C2H6 + Br2 --> C2H5Br + HBr

where the application heat or UV light is used as a catalyst.

The end result of this reaction is the "substitution" of a bromide ion for a single hydrogen ion on the original alkane.

Laboratory Preparation:


Laboratory preparation of alkanes is usually unnecessary since they can be inexpensively purchased as petroleum distillates. Processes such the Fischer-Tropsch Process can be used to generate alkanes from elemental carbon or from CO2 , however it is very difficult to produce alkanes of any molecular purity without distillation.

Industrial Preparation:


Alkanes are commonly derived from the hydrocracking and fractional distillation of crude oil or petroleum.

Naming Conventions:


The following table lists the IUPAC names and the chemical formula for the first 10 normal alkane compounds.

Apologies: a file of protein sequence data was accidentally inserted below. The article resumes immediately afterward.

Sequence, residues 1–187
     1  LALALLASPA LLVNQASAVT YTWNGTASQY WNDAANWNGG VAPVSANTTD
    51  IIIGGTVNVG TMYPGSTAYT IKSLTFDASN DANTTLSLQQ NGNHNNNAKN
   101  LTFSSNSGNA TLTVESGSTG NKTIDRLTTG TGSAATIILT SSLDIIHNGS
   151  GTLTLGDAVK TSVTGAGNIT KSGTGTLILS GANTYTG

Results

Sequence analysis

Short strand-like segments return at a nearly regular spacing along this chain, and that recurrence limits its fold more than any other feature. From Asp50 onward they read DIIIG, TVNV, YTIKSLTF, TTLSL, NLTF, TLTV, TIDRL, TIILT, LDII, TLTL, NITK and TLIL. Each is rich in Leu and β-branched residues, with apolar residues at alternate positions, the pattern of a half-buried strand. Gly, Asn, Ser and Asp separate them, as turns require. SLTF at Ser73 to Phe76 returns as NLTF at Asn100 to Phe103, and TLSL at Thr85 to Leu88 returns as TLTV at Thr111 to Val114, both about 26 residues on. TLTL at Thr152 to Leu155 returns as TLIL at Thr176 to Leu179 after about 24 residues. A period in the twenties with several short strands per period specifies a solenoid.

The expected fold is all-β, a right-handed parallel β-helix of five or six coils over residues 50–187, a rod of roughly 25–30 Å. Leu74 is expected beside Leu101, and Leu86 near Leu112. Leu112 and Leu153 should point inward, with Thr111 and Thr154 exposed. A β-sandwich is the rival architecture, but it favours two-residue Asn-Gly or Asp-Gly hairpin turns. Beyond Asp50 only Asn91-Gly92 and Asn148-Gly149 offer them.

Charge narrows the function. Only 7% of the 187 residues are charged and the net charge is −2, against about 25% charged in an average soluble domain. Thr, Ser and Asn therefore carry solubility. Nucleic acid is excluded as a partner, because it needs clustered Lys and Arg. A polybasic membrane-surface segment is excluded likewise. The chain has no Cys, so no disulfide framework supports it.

Molecular FormulaStructural FormulaIUPAC Name
CH4 CH4 Methane
C2H6 CH3-CH3 Ethane
C3H8CH3-CH2-CH3 Propane
C4H10CH3-(CH2)2-CH3 Butane
C5H12 CH3-(CH2)3-CH3 Pentane
C6H14 CH3-(CH2)4-CH3 Hexane
C7H16 CH3-(CH2)5-CH3 Heptane
C8H18CH3-(CH2)6-CH3 Octane
C9H20 CH3-(CH2)7-CH3 Nonane
C10H22 CH3-(CH2)8-CH3 Decane


Branching

Alkane structures can become quite complex, especially when the number of carbon atoms involved becomes large. To begin naming a branched alkane you start by searching out the longest possible continuous carbon chain within the structure. Than gives you the base name taken from the above table.

Lets say that you find the longest chain contains five carbons. Then your base name will become "pentane".

Now look for all the branches that exist relative to the main chain, and at the same time record the following:
  1. the length of each branch;
  2. the number assigned to the main chain carbon to which each branch is attached.
When numbering the carbon atoms in your main chain, start from the end that is closest to a branch. The first carbon is numbered "1", the second "2" and so on.